For parents of young children, summer often boils down to a frantic search for activities that will divert their kids, even for just a few minutes. By mid-July, the situation can get desperate, so the first summer concert at the National Building Museum, heard Sunday afternoon, was perfectly timed. In partnership with Washington Performing Arts, the museum presented Reverb, an a cappella group based in Washington, on a stage at one end of its large, noisy atrium.

The all-male group overcame the cavernous acoustics with amplification, performing a toe-tapping mix of Motown, doo-wop, R&B, soul and pop standards, as well as a couple of original songs composed by members of the group. The generally capable performance was no sensation, with some modulations that never quite hit their new keys (“When the Saints Go Marching In”), some grating intonation mishaps (“Ain’t No Mountain High Enough”) and low points in some solo voices (“The Lion Sleeps Tonight”).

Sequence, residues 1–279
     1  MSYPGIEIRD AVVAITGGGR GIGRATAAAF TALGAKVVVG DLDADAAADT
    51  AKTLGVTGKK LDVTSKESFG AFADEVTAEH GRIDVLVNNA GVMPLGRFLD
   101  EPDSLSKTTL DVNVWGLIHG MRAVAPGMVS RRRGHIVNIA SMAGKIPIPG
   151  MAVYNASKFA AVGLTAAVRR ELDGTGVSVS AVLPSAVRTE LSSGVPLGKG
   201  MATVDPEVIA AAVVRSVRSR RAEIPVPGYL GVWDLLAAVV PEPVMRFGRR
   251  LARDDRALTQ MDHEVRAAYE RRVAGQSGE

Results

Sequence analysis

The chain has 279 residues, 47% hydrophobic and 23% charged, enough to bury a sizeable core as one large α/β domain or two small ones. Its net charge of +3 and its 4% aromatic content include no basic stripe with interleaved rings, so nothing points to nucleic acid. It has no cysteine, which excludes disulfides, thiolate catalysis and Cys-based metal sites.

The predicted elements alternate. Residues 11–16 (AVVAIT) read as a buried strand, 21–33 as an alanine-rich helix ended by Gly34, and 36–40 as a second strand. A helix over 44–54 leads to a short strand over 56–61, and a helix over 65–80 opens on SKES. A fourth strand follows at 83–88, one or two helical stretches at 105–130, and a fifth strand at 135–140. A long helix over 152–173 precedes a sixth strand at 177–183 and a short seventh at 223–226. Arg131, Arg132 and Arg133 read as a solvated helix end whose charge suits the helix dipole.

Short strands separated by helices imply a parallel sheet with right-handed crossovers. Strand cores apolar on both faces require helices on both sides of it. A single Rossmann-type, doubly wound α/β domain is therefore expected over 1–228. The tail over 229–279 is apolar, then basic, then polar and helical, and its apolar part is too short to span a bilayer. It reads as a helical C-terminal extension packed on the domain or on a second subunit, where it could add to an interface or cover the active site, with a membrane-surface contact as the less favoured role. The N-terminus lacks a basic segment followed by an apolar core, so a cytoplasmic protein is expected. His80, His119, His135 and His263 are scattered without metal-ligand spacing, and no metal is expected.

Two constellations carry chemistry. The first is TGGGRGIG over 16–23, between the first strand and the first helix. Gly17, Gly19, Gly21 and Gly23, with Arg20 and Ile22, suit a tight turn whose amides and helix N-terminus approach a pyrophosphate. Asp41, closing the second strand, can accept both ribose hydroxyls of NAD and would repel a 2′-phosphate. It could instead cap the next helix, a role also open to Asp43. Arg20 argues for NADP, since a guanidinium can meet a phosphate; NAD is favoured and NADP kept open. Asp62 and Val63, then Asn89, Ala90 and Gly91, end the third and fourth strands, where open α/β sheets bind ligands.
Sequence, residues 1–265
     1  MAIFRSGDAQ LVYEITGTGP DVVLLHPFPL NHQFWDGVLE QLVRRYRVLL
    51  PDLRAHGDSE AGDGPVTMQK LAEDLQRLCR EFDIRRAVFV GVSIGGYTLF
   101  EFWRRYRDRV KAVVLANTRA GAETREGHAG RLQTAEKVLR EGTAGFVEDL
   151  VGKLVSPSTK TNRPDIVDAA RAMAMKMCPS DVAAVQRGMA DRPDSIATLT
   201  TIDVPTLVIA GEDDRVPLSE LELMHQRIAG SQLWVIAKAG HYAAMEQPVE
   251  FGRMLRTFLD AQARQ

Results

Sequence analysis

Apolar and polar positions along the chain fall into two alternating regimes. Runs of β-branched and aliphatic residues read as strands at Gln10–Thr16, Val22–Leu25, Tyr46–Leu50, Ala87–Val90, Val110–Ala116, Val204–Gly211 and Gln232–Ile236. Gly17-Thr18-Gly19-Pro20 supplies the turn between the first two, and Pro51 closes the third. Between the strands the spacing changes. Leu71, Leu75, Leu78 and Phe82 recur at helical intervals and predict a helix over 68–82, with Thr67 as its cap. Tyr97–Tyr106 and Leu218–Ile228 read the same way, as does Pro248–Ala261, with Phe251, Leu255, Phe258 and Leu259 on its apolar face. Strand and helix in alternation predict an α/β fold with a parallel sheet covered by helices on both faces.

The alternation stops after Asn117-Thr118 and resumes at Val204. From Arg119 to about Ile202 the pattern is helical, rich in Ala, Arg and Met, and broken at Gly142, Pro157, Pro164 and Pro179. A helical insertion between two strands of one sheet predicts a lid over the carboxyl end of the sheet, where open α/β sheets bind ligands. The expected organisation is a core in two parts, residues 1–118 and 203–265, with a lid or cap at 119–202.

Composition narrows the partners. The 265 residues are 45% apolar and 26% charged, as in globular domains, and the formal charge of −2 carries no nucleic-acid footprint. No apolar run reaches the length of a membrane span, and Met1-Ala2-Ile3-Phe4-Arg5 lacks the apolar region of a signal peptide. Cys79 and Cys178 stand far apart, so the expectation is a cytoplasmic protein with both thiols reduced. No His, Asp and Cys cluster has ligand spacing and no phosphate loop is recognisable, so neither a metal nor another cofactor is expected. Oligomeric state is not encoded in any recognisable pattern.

Such concerns mattered little for most members of the sparse audience, who were delighted by an hour’s entertainment, free, in the air conditioning and under the cover of this vast neoclassical building. No tickets are required, one can come late or leave early, and no one cares if small children ask questions, dance around or run about a bit. A few teenagers were spotted. This series of concerts continues through Aug. 10, with local performers and similar styles of music, on Sundays at 2 p.m.

Downey is a freelance writer.

Reverb. (Washington Performing Arts)